The cost of government always seems to be a grossly underestimated thing, like the time it will take to complete a renovation project, or what time your teenage daughter will get home from a party. We, the taxpayer, begin to feel like Charlie Brown kicking a football when it comes to estimates of cost from any governmental entity or action.
When our Democrat legislators sponsored SB167, the bill now known as the Maryland Dream Act, which grants tax-subsidized in-state tuition to illegal aliens, the Department of Legislative Services issued a fiscal note. The fiscal note is supposed to estimate the costs and financial impacts of the legislation for consideration by the General Assembly. The fiscal note estimated that, five years after passage, the cost to the state for community college tuition subsidies alone would be about $3.5 million.
I’ve done a little number crunching, and I believe Lucy’s got her hands on the football.
To qualify for in-state tuition means that Maryland taxpayers pay for the difference between out-of-state (OS) tuition rates and in-state (IS) tuition rates. At the University of Maryland College Park (UMCP), the OS rate is about $25,000 per year, and the IS rate is about one-third of that at $8,000 per year. The tax-funded subsidy is then about $17,000 per year.
At the Community College of Baltimore County (CCBC), the OS tuition and fees is about $9,900 per year and the in-county rate is about $3,450 per year. The annual tax-funded subsidy is then about $6,500.
For an illegal alien to qualify, they must first attend a community college for two years (at IS rates). Then they can attend a four-year institution for as long as they wish; there is no limit to the number of years nor the student’s age. [Consider this: an 18 year old can wait up to four years to apply to the community college. Finishes at age 24. Can wait up to another four years to apply to the four year school. Does three years there, graduating at age 31. Can then go on to graduate school and be a middle-aged tax-funded tuition recipient.]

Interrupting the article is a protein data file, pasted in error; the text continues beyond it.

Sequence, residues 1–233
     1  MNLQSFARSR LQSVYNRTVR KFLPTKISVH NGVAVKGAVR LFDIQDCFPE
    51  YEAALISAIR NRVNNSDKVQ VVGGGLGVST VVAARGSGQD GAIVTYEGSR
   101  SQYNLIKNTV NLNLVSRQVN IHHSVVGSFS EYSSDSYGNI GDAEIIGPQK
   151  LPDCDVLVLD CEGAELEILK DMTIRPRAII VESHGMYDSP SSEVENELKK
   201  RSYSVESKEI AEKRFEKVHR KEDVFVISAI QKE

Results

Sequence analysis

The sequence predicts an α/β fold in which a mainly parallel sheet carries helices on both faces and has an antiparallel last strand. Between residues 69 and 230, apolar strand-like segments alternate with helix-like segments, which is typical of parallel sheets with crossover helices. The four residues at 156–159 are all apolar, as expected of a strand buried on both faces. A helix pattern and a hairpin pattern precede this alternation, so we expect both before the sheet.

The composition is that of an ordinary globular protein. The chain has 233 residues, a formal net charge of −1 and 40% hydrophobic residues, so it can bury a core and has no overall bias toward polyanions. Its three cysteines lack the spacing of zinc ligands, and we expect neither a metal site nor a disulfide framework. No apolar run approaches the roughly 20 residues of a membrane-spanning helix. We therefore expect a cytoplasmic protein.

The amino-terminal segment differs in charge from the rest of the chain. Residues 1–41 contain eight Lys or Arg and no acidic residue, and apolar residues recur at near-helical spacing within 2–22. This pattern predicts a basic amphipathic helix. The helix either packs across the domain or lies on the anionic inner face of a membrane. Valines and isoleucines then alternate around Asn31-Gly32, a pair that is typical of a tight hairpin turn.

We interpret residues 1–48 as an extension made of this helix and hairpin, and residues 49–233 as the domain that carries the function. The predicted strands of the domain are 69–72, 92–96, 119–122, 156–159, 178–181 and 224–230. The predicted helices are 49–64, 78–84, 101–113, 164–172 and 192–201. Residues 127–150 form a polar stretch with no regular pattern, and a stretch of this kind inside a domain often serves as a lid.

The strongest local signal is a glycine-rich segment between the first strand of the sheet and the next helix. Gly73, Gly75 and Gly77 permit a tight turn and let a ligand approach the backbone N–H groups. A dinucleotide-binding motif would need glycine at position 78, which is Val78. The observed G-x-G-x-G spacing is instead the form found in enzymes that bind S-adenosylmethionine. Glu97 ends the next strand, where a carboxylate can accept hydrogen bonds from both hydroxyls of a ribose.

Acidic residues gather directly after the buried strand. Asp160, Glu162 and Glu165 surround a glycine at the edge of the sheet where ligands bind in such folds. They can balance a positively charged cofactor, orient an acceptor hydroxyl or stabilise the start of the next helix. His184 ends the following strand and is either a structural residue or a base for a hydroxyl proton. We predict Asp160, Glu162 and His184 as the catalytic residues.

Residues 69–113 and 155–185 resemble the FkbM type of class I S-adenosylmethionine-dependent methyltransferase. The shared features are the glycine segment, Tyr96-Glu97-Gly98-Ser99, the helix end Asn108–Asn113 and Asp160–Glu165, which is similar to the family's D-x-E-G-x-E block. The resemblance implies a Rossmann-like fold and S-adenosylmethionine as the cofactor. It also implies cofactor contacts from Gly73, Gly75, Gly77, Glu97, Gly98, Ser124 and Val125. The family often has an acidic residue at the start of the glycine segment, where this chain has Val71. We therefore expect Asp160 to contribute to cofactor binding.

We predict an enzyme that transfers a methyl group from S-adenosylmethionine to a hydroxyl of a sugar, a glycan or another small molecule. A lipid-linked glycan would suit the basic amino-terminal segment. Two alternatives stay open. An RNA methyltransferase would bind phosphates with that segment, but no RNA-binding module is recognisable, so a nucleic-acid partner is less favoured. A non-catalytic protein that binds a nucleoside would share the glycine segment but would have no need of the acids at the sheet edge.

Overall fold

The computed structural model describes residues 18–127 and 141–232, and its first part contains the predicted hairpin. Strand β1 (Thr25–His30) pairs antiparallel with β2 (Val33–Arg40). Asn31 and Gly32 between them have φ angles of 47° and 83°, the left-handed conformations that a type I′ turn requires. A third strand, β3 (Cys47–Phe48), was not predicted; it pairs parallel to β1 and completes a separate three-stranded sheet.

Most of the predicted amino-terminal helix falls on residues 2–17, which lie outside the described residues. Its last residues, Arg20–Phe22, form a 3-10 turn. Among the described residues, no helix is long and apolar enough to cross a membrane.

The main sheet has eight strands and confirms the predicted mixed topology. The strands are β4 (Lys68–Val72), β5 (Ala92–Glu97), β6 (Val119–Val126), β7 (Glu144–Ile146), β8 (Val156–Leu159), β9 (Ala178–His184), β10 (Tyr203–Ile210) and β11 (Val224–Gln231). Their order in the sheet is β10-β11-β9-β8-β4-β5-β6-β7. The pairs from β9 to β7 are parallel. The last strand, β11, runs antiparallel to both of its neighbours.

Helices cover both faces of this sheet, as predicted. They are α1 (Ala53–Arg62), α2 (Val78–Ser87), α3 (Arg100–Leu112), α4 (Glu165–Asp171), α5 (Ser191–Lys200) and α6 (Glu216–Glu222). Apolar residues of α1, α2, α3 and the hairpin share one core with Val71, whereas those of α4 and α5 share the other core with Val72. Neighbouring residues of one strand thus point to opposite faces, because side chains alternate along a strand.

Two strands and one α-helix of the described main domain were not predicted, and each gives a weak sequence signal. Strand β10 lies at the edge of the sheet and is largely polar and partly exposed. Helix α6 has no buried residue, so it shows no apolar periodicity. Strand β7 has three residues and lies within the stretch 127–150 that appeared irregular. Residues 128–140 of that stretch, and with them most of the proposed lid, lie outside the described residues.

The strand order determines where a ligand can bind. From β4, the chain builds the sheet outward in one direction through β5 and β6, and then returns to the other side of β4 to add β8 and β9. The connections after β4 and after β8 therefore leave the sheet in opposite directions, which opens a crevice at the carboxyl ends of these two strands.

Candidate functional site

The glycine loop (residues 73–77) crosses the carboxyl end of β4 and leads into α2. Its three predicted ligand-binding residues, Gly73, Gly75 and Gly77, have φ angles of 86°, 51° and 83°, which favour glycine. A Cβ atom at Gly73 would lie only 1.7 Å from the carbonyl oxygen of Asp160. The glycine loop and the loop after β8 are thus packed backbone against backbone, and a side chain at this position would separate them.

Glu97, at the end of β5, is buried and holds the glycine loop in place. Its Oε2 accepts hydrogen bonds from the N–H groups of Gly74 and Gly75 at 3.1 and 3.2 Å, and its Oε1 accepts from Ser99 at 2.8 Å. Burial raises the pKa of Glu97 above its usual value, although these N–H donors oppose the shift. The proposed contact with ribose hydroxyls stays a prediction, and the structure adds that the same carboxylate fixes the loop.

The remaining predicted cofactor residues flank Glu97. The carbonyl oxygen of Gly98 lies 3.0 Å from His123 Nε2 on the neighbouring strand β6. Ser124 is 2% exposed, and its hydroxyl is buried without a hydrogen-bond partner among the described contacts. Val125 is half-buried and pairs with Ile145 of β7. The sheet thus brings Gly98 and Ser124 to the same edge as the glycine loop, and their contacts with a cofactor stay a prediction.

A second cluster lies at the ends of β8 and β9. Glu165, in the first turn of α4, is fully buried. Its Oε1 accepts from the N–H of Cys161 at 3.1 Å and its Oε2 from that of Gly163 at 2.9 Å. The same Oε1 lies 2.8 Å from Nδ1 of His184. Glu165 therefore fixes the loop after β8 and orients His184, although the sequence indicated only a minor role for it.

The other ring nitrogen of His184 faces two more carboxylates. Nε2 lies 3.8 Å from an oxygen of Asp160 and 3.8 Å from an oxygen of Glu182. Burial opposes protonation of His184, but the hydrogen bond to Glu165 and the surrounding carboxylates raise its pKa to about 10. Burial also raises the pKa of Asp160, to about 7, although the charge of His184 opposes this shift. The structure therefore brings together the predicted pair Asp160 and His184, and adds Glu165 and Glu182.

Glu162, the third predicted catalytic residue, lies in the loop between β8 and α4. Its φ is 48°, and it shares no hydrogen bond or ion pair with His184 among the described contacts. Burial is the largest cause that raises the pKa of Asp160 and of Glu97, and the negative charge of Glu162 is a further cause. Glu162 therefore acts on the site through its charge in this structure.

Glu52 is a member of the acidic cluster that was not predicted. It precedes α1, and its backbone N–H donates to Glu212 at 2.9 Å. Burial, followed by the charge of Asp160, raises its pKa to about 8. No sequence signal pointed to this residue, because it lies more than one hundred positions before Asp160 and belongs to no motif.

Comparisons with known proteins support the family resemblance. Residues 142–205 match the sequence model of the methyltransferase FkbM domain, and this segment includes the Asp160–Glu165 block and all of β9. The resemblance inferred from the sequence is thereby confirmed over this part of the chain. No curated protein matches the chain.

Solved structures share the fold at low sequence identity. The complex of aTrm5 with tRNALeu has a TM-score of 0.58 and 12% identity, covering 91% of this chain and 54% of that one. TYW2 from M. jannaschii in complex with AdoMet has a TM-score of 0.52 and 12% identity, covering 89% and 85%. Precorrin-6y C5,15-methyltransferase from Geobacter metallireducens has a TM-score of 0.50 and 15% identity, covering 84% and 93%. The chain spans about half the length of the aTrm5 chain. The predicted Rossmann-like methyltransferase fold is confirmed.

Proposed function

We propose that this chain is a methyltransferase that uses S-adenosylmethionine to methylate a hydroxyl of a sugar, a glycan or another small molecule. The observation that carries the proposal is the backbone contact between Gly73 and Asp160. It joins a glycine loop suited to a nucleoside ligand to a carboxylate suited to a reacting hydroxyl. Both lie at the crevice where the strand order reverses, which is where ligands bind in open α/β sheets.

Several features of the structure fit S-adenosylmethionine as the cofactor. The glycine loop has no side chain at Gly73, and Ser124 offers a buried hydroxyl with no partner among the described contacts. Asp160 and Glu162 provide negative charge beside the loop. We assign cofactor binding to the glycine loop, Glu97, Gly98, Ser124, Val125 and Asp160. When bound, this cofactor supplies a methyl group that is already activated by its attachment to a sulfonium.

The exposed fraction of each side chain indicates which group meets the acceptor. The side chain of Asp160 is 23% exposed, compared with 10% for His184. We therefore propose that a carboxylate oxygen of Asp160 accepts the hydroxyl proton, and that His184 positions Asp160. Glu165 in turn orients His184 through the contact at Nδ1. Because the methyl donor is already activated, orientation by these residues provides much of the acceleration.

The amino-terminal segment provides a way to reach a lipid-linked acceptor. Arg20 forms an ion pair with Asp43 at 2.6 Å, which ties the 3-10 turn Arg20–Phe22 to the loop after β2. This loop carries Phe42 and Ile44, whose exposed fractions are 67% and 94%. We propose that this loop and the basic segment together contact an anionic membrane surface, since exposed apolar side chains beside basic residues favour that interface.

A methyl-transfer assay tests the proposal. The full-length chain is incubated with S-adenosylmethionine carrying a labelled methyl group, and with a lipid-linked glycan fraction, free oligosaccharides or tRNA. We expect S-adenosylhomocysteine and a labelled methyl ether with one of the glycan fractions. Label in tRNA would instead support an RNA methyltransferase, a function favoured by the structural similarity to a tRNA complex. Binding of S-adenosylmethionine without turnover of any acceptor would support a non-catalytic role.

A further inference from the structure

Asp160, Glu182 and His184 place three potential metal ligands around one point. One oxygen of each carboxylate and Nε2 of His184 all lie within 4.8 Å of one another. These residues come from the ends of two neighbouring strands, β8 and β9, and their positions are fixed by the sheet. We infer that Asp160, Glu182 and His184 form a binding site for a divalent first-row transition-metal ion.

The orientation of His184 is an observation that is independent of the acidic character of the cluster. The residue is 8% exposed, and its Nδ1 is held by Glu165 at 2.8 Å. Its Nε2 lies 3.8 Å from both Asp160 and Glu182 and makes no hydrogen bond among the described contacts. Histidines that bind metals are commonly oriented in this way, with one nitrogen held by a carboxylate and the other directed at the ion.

Two years at CCBC at $6,500 per year cost to taxpayers = $13,000.
Three years at UMCP at $17,000 per year cost to taxpayers = $51,000.
Total per student = $64,000 at taxpayer expense. Divide by five years = $13,000 per year.
Now, to estimate the number of students who may reasonably qualify, the Department of Legislative Services said it was 100 per year immediately. I’m a bit skeptical of Lucy, so I looked at the University of California. The Dream Act requires colleges to report on the number of Dream Act students they admit each year through the state’s Higher Education Commission.
Since it’s inception in 2001, Dreamers at UC have increased steadily every year at an average of 20% per year. In the 2008-9 school year, the last year for which I could find a report, they constituted just under 1% of the student population and received $35 million in tuition subsidies at UC alone for just over 2,000 students. That 1% figure seems to be consistent across the 12 states which have passed the Dream Act, and was concurred with by Dream Act supporters in Maryland.
Current total enrollment at Maryland’s public four-year colleges is about 125,000 students per year. 1% of that is 1,250 students. At $13,000 each per year, that’s over $16 million of taxpayer expense. This does not even take into account the increase in demand which will drive up the total number of students enrolled in Maryland colleges.
Dream Act supporters will say those costs will be off-set by their increased productivity due to having a college degree. Putting aside that employers cannot legally hire these workers in Maryland, the other costs of illegal aliens in our state for education in K-12, health care, and incarceration comes to an estimated $1.4 billion with a “B”, after accounting for the taxes received from them in sales, property, and income tax.
As Maryland implements rewards for illegal behavior, it becomes an increasingly attractive sanctuary state, currently the 11th highest concentration of illegals in the nation per the Federation for American Immigration Reform. So implementation of the Maryland Dream Act would be a downward-spiraling money pit from which Lucy could not save us.
Stop, you had me at illegal.
Vote Against the Referred Law on Question 4 on November 6.
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